Sistani's role is crucial. His principled stance on the Iraq crisis, from the beginning of the invasion, has been that he would support a democratically elected parliament and government, in hopes that such a government would end the occupation. On several occasions, Sistani has met with different Shi'ite and other leaders, in an attempt to forge national reconciliation. For this, he has been rewarded with a series of assassinations of his top aides, the sixth just weeks ago.
The talks between Sistani and Maliki were prompted also by a serious crisis that had ensued, following clashes in the Shi'ite holy city of Karbala on Aug. 28, which had been characterized as fighting between rival Shi'ite groups. Maliki said he was considering giving these cities a special status. "I am considering that holy shrines and sacred cities be peaceful places and disarmed of weapons and under the protection of the Iraqi army," Maliki said. Iranian sources told EIR that the clashes had been instigated by outside forces, not by any of the rival Shi'ite groups, as the press had claimed. Then, on Sept. 13, the Tehran Times came out with a report indicating that the force behind the massacres in Karbala was none other than the Mujaheddin el-Khalq (MKO/MEK), the Iranian terrorist organization which, after having been protected in Iraq by Saddam Hussein, is now protected by the U.S. occupying forces there. The Tehran Times political desk reported that three months prior to the massacre, "closed-circuit cameras captured a 23-year-old woman and 13-year-old youth who were gathering information about the various entrances to the Imam Hussein (AS) shrine. After their arrest, it became clear that they had been sent by the Mojahedin Khalq Organization (MKO) to locate ways to sneak into the shrine for terrorist operations."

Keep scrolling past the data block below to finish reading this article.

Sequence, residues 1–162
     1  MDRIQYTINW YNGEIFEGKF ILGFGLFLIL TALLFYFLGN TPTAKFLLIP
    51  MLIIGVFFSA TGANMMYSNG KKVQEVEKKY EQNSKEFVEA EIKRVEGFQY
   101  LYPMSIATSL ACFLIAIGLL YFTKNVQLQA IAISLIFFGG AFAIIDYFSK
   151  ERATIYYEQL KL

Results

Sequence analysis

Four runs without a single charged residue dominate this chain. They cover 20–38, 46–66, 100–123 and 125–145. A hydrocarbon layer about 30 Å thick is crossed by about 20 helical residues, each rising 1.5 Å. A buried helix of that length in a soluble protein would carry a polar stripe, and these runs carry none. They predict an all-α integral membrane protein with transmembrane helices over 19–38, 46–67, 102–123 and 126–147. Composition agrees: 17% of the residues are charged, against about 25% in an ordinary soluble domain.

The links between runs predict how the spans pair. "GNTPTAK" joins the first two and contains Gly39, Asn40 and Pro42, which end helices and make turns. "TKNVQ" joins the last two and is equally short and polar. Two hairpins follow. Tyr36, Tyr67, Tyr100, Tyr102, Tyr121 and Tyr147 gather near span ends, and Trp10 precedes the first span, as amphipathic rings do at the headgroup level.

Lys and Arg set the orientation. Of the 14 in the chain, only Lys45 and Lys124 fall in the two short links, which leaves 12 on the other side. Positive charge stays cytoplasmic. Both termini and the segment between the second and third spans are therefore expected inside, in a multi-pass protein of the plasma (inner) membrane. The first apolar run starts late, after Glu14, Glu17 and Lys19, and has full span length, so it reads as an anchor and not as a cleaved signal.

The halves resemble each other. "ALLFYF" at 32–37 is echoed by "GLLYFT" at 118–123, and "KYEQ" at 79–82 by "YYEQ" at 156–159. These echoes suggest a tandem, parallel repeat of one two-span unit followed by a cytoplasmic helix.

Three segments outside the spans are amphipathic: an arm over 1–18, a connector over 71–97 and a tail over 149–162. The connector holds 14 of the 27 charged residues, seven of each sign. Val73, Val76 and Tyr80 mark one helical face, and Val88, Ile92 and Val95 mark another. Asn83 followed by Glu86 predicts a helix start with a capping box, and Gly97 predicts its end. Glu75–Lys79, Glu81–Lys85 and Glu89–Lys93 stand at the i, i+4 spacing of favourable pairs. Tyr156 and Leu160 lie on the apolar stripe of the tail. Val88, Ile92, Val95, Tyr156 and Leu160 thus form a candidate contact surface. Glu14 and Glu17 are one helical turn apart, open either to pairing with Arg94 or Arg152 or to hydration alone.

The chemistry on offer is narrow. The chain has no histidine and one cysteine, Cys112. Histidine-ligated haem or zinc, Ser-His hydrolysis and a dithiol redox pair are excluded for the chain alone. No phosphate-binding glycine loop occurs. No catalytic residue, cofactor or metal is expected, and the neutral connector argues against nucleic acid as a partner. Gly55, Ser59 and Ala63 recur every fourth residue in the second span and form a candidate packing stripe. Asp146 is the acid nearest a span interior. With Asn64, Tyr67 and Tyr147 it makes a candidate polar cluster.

The paper described how the attack was planned. Members of Moqtada Sadr's al-Mahdi militia, trying to enter the shrine, were prevented by security forces. Then, clashes began which led to 52 dead and 300 injured. "At first glance, it seemed to be a clash between rival Shia groups seeking to monopolize power and another indication of the extreme insecurity in Iraq, especially in Shia areas," the paper commented. But, this is not the case. According to witnesses, large amounts of weapons were distributed to people near the Sadr group's position, giving the impression that that group had been handing out arms. Among the weapons were some made in Iran—to leave a clear lead. The Iraqi Interior Ministry has conducted investigations into the event, concluding that the MKO was behind the incident.
This incident, attributed by the Chenyacs to "Iranian-backed Shi'ite factions inside Iraq," is being pushed into the stove pipe of disinformation, to motivate a military attack against Iran.
On the military level, the preparations for confrontation with Iran are proceeding apace. In addition to the detailed information given by Global Research, noted above, there is the news, released by the Wall Street Journal on Sept. 10, that the U.S. is preparing to build a military base near the Iraq-Iran border, allegedly to intercept the flow of weapons into the country. Maj. Gen. Rick Lynch, commander of the Army's 3rd Infantry Division, was quoted saying the base would include fortified checkpoints as well as X-ray machines and explosives-detecting sensors. The base is to be placed just four miles from the Iranian border—a blatant provocation. The Sunday Telegraph on Sept. 16 reported that General Petraeus was going to visit London to brief Prime Minister Gordon Brown and others on such plans. Petraeus was expected, according to this account, to press the British to cancel their plans to withdraw 5,000 troops from Iraq, and instead, to deploy them along the border with Iran.
Iran's Version of the Olive Branch
In response to these preparations for yet another war, the Iranian leadership has been seeking ways to avoid a conflict which it knows would be catastrophic. In addition to Iran's overtures to the IAEA, Tehran has dispatched its diplomats to meet with key countries, like Russia and China.
Inside Iran, on Sept. 7, former President Hashemi Rafsanjani, now head of the Expediency Council, was elected head of the Assembly of Experts. Iranian sources have told EIR that Rafsanjani, a moderate, has the full support of the Supreme Leader, Ayatollah Ali Khamenei.
At the same time, there has been a leadership change in the Revolutionary Guards Corps. Ali Khamenei, who is also Chief Commander of the Armed Forces, named Brig. Gen. Mohammad Ali Jafari as the new commander. In his first press conference in his new position, Jafari announced the military's readiness to face threats. "Relying on people's support that is organized within military framework, great intelligence superiority, and its missile capabilities, the IRGC is fully ready to defeat any possible aggressive move."